many of the
Cavalier poets such as Sir John Suckling,
probably the Biblical Psalms,
perhaps the Sanskrit Vedic Hymns (I
should know this before blabbing but
I don't for
sure), much of
what anthropologists have published as
poetry of non-European people,
for example the North American Indians,
as well as the Medieval English and Scottish ballads.
It is true that
successful page poetry doesn't
need music in order to
but composers for centuries have successfully set successful
page poetry, going
back to Goethe at
least, whose poems inspired
generations of German composers. Debussy set Baudelaire,
Elliott Carter set Robert Frost beautifully,
as did John Cage some poems of E. E. Cummings.
It's a topic of keen
interest to me as
I have set several poems to music over the years --
one Shakespeare sonnet,
an early song of Blake's,
two Emily Dickinson poems,
an obscure Mother Goose poem,
and poems by Leigh Hunt (a friend of Keats's),
Samuel Woodworth (his once famous, since mostly
forgotten 19th century poem),
a now-obscure 19th century American humorist named Ben King
(though Ezra Pound put the poem in his anthology Confucius to Cummings),
an early 20th century Papago Indian woman named Juana Manwell
(in a translation by the should-be-famous anthropologist Frances Densmore),
an utterly obscure early 20th-century Michigan poet named Howard Dwight Smiley
(whose poem I found on a real estate company calendar in my parents' kitchen),
the American playwright Sam Shepard,
the Irish playwright J. M. Synge (a friend of Yeats's),
the English poet Edward Thomas (a friend of Robert Frost's),
the contemporary American poet Faye Kicknosway (a friend of my college poetry professor's),
an anonymous Kipling parodist,
and an anonymous piece of internet doggerel,
as well as prose by
convicted perjurer Scooter Libby,
feminist theorist and rock critic Ellen Willis,
and my son when he was two and a half, an email he dictated to his mom.
A lot of the verse I have set wouldn't make it into
most poetry history books but that's OK with me,
I love them.

Sunday, July 27, 2008

Set list Friday night:

In July
The ground below, the stars above
Worms in the sky
Clinging to a cloud (words adapted from Johnny Burke's lyric for “Misty”)
I can’t get that song out of my head
In summer (written with Bob the drummer)
The bottle on the window sill
Wasting away
Have you ever been in love? (written with my friend Nick)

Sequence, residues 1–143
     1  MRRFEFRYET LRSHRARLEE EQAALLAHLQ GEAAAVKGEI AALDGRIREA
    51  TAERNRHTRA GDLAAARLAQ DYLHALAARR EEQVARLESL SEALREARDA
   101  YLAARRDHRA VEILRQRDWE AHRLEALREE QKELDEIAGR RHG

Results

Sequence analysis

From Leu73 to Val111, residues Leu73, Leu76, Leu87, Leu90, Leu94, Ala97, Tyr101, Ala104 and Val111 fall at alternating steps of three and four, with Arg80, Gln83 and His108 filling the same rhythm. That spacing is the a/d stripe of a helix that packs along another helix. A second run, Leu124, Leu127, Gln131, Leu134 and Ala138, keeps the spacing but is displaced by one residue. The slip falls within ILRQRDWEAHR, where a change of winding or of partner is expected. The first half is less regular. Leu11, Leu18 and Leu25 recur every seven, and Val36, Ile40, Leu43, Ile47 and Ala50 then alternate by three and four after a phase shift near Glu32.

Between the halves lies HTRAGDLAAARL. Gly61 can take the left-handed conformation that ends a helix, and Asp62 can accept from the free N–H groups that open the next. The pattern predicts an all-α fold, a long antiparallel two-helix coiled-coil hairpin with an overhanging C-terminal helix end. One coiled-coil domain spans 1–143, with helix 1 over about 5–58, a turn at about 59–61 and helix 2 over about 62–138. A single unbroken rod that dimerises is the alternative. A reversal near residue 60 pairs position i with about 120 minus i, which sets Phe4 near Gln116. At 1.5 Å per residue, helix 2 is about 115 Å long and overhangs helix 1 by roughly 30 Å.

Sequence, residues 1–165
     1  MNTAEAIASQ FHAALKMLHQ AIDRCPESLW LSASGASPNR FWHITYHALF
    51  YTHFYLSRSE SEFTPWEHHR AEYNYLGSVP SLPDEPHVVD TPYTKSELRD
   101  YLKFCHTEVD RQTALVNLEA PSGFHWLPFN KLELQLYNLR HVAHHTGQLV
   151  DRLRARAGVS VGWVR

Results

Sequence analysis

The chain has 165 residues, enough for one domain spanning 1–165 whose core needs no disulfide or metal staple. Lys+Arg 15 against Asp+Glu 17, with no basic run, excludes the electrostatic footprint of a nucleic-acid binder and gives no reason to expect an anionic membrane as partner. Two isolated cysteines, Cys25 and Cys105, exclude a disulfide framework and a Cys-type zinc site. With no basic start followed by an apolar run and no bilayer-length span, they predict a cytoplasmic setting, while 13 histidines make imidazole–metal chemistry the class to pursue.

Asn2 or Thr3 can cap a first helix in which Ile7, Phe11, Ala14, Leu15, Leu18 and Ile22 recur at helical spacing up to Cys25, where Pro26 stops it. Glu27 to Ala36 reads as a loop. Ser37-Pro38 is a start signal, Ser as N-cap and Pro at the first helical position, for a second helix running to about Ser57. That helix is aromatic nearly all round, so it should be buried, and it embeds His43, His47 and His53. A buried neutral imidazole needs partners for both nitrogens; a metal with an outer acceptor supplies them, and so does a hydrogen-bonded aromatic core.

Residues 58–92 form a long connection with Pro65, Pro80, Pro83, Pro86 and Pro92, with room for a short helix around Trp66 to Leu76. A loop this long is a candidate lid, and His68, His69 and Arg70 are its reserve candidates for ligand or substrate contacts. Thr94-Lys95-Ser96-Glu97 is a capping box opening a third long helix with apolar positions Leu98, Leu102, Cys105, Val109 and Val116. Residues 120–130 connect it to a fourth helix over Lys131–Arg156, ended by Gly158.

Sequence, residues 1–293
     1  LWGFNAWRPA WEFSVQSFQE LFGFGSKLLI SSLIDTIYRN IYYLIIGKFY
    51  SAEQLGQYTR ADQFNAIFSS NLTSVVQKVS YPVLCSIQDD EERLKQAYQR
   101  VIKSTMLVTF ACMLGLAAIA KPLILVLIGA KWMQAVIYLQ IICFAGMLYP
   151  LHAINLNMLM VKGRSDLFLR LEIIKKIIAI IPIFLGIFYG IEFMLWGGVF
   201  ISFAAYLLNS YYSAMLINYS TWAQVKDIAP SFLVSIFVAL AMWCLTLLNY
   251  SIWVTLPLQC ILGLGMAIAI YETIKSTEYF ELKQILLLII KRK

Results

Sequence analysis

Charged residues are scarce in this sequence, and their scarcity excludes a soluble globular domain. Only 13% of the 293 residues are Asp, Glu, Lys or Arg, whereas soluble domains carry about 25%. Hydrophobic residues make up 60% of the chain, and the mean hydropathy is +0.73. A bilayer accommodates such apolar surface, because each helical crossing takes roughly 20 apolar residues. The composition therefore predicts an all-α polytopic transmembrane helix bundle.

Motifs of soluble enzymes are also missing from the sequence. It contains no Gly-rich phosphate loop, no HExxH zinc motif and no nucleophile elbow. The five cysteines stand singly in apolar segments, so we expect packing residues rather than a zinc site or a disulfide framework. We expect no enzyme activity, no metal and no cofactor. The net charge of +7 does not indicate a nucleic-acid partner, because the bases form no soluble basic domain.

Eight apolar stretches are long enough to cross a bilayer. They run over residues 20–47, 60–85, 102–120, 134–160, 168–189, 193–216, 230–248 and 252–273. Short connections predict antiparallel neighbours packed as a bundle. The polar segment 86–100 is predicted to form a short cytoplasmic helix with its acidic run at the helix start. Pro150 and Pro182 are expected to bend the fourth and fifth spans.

President’s Day (written with my son)

Jillian and Jim joined us for the last song, which was really fun. I had a blast; their set was nice too. Out drinking afterwards with Jen from my band, the soundman Jim Nason (a fine songwriter, singer, guitarist, and washtub bassist), and two friends of Jen’s. The kid had played games with Robert’s daughter, who’s 12 days older than him, during our set. Everybody in bed by the time I got home. I sat in the kitchen and listened to a CD of covers Jen had recorded this December -- gotta get her playing guitar in the band. Nice stuff. And a CD that I bought from Jim Nason -- really good songs. And a CD that I picked up at Starbucks earlier in the day as a partner to my company had passed out Starbucks gift cards to everybody in my department (it’s a small department) and an “Artist’s Choice” collection compiled by Bob Dylan was discounted for 8 bucks. What a great lot of music on that comp! I started falling asleep but didn’t want to leave the music so I turned out the lights, rolled up a jacket for a pillow, and fell asleep on the kitchen floor. (Not from drink; I had had one drink at the bar hours before.) Our living room CD player is on the fritz, so we listen to music on the boombox in the kitchen.

Looking at that set list, I like all those songs, but I’m concerned about the middle-aged disease: All but two of them are mid-tempo or slower. And the uptempo songs -- people like pep. Even middle-aged people. Gotta watch out for that next time we play. I sing more of the uptempo numbers in the group (two of the three I sang lead or co-lead on last night were the two faster ones), and I’m trying to spread out the singing more. Thing is: I’m the best at the patter numbers, and the other three lead singers all have much more beautiful voices than mine, so they should have the slower ones to glory in those tones. Gotta write some faster ones for them too.